Comparing therapies for canine hyperadrenocorticism - DVM
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Comparing therapies for canine hyperadrenocorticism


In the United Kingdom, trilostane is officially registered for use in dogs under the trade name Vetoryl. The product for use in humans is listed as Modrenal. The current recommended initial dose is 30 mg once daily for dogs that weigh 3 to 10 kg; 60 mg once daily for dogs weighing 10 to 19 kg; 120 mg for dogs that weigh 20 to 40 kg, and 120 to 240 mg for dogs weighing more than 40 kg.

Re-evaluations are suggested after one, three, six and 13 weeks, and then after six and 12 months. Each re-check should include a history, physical examination and an ACTH stimulation test. The ACTH stimulation test should be completed two to six hours after administration of the trilostane. The target range for serum or plasma cortisol concentration should be between 1 and 2 mcg/dl.

It is readily apparent that these dose recommendations result in tremendous dose disparity among dogs. A dog that weighs 3 kg, being given 30 mg once daily, receives 10 mg/kg, while a dog that weighs 20 kg receiving 120 mg would receive 6 mg/kg. A dog that weighs 40 kg could receive as little as 3 mg/kg. These dose disparities can result in severe negative side effects.

Experience at UC-Davis differs quite a bit from that in the literature and the United Kingdom. It is not clear why the results have not been similar. It seems that the most common reason for choosing this drug over o,p'-DDD is safety. In other words, trilostane has been viewed as much safer and, perhaps, more effective in controlling clinical signs of pituitary-dependent hyperadrenocorticism.

Some of the dogs we have treated have done remarkably well on a once-daily protocol. However, a significant percentage of dogs we have treated with trilostane have become ill (including deaths), either from glucocorticoid deficiency or from glucocorticoid and mineralocorticoid deficiency (hypoadrenocorticism). Some of the iatrogenic hypoadrenocortic dogs appear to have this condition permanently. In addition, treated dogs that fail to exhibit resolution of polyuria despite having ACTH stimulation test results within the recommended range do occur.

Therefore, trilostane is neither more effective nor safer than o,p'-DDD. Of greatest concern is that trilostane has been less predictable regarding underdose, overdose, resolution of signs or need for dosing more often than once daily.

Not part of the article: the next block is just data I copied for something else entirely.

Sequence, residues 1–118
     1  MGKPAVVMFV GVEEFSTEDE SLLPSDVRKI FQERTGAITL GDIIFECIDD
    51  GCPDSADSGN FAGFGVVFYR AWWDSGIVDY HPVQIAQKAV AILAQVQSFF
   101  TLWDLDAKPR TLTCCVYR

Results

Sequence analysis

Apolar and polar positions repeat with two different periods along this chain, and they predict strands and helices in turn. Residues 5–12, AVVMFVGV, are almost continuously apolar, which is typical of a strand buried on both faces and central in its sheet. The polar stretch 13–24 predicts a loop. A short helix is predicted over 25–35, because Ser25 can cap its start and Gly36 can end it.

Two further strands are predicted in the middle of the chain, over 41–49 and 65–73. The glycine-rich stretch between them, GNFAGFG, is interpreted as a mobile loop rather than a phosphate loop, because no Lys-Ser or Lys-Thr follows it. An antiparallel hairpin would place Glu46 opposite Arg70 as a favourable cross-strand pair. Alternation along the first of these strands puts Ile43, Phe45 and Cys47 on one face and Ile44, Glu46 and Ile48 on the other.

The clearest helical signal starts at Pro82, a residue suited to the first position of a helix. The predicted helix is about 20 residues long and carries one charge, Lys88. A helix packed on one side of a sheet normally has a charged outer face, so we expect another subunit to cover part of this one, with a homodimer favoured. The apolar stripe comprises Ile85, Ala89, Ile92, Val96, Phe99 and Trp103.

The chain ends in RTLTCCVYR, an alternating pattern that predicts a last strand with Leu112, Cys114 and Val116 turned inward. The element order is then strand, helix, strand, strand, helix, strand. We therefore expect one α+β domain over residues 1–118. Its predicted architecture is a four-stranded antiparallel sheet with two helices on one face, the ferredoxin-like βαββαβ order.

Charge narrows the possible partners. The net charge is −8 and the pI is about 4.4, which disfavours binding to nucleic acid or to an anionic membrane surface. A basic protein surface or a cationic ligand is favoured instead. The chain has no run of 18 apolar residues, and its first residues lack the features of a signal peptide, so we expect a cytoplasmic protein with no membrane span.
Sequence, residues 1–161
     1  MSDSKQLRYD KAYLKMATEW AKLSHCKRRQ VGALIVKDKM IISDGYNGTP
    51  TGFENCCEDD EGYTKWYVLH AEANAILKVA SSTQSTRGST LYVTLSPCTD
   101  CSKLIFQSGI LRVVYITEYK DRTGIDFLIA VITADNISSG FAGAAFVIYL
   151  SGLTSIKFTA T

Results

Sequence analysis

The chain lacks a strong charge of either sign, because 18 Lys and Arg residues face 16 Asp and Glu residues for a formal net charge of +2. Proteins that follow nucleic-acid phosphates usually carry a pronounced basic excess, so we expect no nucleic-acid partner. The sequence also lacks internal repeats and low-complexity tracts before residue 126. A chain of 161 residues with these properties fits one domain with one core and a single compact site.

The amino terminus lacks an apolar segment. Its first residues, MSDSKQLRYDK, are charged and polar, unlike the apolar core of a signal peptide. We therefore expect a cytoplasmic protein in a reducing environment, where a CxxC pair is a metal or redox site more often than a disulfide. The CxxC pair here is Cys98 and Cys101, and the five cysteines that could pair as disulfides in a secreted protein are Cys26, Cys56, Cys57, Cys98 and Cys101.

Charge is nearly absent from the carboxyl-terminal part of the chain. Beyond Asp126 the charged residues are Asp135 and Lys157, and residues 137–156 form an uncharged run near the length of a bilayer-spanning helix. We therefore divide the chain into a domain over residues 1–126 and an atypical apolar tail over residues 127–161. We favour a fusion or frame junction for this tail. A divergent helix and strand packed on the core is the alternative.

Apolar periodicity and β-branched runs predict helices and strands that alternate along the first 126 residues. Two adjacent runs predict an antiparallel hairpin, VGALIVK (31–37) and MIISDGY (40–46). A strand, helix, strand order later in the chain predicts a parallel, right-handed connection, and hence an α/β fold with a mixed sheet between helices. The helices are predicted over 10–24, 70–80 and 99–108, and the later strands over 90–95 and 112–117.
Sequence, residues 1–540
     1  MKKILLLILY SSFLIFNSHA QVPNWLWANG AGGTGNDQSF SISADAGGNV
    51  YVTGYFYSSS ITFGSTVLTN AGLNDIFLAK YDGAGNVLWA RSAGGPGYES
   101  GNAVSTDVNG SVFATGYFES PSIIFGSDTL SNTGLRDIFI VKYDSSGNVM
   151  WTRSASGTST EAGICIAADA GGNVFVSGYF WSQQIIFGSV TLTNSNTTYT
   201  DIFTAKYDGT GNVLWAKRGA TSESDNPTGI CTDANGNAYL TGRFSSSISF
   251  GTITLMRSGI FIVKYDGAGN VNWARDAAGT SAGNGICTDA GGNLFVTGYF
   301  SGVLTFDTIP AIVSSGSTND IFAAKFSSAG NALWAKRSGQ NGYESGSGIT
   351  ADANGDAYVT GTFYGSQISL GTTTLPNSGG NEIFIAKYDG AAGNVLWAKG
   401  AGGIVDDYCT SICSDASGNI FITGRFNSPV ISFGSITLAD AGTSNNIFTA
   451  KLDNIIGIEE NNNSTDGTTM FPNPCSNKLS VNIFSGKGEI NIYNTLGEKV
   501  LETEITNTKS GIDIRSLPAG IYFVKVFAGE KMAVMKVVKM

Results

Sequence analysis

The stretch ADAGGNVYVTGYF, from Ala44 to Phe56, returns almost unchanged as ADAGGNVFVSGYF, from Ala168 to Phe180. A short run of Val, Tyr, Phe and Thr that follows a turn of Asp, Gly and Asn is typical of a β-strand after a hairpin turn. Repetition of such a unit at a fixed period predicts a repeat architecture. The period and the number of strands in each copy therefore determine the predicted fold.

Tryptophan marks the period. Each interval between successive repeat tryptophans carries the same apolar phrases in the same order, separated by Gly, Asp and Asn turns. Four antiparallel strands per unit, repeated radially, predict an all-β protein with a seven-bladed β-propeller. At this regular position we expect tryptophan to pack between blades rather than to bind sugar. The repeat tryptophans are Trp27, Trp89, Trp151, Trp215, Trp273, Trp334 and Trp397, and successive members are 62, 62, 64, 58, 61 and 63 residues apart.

The UC-Davis current recommendation is to initiate trilostane therapy at 1 mg/kg once daily. That dose is continued for about one week until a veterinary re-check can be completed.

Owners are instructed to collect a small urine sample from their dog before leaving home the morning of the scheduled re-check prior to trilostane administration. Trilostane should then be given and the dog should be seen by the veterinarian two to three hours later.

The goal of therapy is an owner who is completely pleased with the response. As aids in achieving this goal, both urine and blood tests are indicated. The urine should be checked, at a minimum, for specific gravity, glucose and urine cortisol-to-creatinine ratio (UCCR). An ACTH stimulation test should be started at the time the dog is seen, again about two to three hours after trilostane administration.

The UCCR result should be within the reference interval and the post-ACTH serum cortisol concentration should be between 1.5 and 5.5 mcg/dl.

If the serum-cortisol concentration is within that goal and the UCCR is abnormal, the medication should be given BID. If the serum-cortisol concentration is too high, the trilostane dose should be increased. But if the serum-cortisol concentration is too low, the dose should be decreased.

This approach should be used at each re-check until the dog is doing well.

Dr. Hoskins is owner of DocuTech Services. He is a diplomate of the American College of Veterinary Internal Medicine with specialities in small-animal pediatrics. He can be reached at (225) 955-3252, fax: (214) 242-2200 or e-mail:


Source: DVM360 MAGAZINE,
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